Controversial domestic labour bill adopted in Morocco
Casablanca - The Moroccan parliament adopted a controversial bill regulating domestic work. The measure has been strongly criticised by civil society organisations.
The government was forced to add an amendment that made the legal work minimum age 18 years rather than 16 during a transitional period of five years following pressure from civil society and international organisations, which have been lobbying the government for years for regulations regarding domestic workers, especially minors.
Moroccan non-governmental organisation Insaf denounced the bill, which it said would allow the exploitation of child domestic workers for five years.
“For unexplained and inexplicable reasons, upon the proposal of the minister of Employment, lawmakers voted in Article 6 of the law a five-year period during which the exploitation of minors is permitted,” said Insaf in a statement published online.
The Moroccan association said the government proposal is not accompanied by concrete action to reinsert minor domestic workers into society.
“The voted text includes no indication of the practical arrangements and does not refer to any text that legally pulls out minors from exploitation in households and accompany them in the long process of extraction from exploitation, rehabilitation and reintegration into families and schools, which is our main demand, after limiting the minimum age to 18 years,” added the statement.
Moroccan Minister of Employment and Social Affairs Abdeslam Seddiki said: “We have responded to the call of associations concerning the minimum age to be 18 in a few years.”
The amendment may have not satisfied many in civil society but the new legal framework for domestic workers, who were previously ignored by law, is a major social progress for thousands of people.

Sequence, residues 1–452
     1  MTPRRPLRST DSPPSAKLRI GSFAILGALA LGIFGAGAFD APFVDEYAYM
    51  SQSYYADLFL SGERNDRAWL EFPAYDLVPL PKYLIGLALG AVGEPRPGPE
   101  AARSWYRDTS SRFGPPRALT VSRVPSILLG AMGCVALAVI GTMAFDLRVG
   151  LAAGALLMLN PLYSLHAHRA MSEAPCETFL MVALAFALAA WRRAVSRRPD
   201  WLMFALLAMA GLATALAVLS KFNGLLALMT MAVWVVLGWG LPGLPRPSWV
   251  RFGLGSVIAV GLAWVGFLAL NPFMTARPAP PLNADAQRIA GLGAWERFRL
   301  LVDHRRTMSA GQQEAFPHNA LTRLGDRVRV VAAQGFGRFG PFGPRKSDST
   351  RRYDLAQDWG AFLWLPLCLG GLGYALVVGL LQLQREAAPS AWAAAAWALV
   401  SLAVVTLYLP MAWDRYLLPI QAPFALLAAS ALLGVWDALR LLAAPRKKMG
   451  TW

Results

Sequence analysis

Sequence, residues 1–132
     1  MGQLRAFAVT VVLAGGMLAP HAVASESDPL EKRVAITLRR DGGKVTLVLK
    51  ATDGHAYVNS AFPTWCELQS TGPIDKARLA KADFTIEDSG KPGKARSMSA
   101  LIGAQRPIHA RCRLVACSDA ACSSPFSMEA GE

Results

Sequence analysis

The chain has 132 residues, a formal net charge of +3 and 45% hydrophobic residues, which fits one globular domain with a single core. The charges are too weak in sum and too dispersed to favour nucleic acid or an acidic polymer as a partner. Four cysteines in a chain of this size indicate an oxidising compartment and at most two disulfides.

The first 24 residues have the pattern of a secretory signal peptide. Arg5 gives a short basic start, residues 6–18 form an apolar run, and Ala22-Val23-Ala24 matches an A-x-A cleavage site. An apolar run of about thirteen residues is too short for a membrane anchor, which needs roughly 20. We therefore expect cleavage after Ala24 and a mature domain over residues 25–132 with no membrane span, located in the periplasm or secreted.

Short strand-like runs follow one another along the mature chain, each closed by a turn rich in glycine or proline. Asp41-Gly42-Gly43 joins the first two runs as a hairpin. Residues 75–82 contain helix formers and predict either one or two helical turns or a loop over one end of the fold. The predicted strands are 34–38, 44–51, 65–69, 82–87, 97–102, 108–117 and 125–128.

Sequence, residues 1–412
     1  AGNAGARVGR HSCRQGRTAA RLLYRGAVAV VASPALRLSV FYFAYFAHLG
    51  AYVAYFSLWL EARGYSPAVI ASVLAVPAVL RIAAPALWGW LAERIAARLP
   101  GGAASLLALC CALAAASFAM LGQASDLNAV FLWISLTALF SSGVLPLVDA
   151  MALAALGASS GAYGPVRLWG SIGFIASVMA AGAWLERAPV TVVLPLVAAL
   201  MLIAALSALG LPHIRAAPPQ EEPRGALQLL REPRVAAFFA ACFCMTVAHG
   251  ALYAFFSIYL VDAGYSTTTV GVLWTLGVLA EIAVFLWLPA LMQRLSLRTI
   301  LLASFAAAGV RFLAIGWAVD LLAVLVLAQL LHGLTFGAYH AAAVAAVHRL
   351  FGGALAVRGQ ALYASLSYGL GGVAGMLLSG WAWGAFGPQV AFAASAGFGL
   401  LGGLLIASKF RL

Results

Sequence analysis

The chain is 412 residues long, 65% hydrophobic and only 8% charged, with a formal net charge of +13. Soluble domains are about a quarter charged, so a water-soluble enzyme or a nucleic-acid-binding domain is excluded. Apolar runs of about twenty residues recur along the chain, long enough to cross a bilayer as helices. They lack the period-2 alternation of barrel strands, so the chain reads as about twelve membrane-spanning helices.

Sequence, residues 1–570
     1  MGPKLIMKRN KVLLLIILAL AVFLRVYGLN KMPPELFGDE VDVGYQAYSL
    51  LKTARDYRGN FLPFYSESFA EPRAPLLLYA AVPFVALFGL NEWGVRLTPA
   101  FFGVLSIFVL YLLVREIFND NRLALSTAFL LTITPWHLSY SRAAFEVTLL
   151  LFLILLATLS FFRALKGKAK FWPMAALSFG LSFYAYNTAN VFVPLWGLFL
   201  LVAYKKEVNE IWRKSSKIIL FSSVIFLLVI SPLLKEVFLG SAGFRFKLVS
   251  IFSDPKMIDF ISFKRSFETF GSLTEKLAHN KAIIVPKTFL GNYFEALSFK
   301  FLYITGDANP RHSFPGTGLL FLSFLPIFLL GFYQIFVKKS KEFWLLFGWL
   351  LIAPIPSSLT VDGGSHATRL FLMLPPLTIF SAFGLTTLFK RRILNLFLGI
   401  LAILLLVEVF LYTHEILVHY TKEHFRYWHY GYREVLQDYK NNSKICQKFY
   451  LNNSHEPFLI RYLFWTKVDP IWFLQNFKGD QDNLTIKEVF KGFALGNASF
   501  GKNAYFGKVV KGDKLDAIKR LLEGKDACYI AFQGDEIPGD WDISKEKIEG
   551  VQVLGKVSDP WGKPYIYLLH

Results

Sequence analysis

According to figures published by civil society organisations involved in the fight against child labour, there are 66,000-88,000 “little maids” in Morocco, 60% of whom are younger than 12 years. The majority of them are from poor, rural areas. Poverty, low household income and lack of education are the main factors that drive parents to allow their children to be domestic workers.
Minors are forced to work as “little maids” to provide for their families who cannot make ends meet, especially in times of drought. They represent steady income for their parents, whose crop remains at the mercy of good rainfall.
The rising cost of living in big cities also drives parents with low income to force their children to work for upper-middle class households where women are looking for domestic help as they are entering the traditional labour market.
Many minor girls find themselves without an education because of the gender discrimination in rural areas and the lack of schools. Others drop out of school because they cannot afford to continue their studies.
Some child domestic workers, who are overwhelmingly girls, work 12 hours a day, seven days a week for as little as $11 a month, according to a report Lonely Servitude: Child Domestic Labour in Morocco, released by Human Rights Watch in 2012.
“Working in private homes, many of these girls endure terrible conditions but have no idea where to turn for help,” said Jo Becker, children’s rights advocacy director at Human Rights Watch.
A minimum monthly salary of $160 for a maximum 48-hour work week is required by the proposed measure, which will be submitted to a vote in the lower house and then be published in the official bulletin before effectively becoming law.
The bill requires employers to establish a contract with the worker regarding social security and holiday periods. It provides for protective measures against hazardous work and establishes repressive penalties that can lead to imprisonment for violations of the law.
It remains to be seen if the law will be enacted before parliamentary elections October 7th and whether it will be respected. However, the law sends a strong signal to Moroccan households that domestic workers have rights, including the right to dignity.